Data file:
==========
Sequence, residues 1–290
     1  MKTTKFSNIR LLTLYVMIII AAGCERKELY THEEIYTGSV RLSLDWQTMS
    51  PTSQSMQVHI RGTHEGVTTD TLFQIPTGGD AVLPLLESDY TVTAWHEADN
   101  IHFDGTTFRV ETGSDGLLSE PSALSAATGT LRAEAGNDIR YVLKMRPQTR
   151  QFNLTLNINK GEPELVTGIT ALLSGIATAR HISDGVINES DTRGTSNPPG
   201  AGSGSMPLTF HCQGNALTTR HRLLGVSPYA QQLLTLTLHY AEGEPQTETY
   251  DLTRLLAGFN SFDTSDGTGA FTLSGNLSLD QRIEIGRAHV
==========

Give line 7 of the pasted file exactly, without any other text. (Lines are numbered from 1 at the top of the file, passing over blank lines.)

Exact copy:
   251  DLTRLLAGFN SFDTSDGTGA FTLSGNLSLD QRIEIGRAHV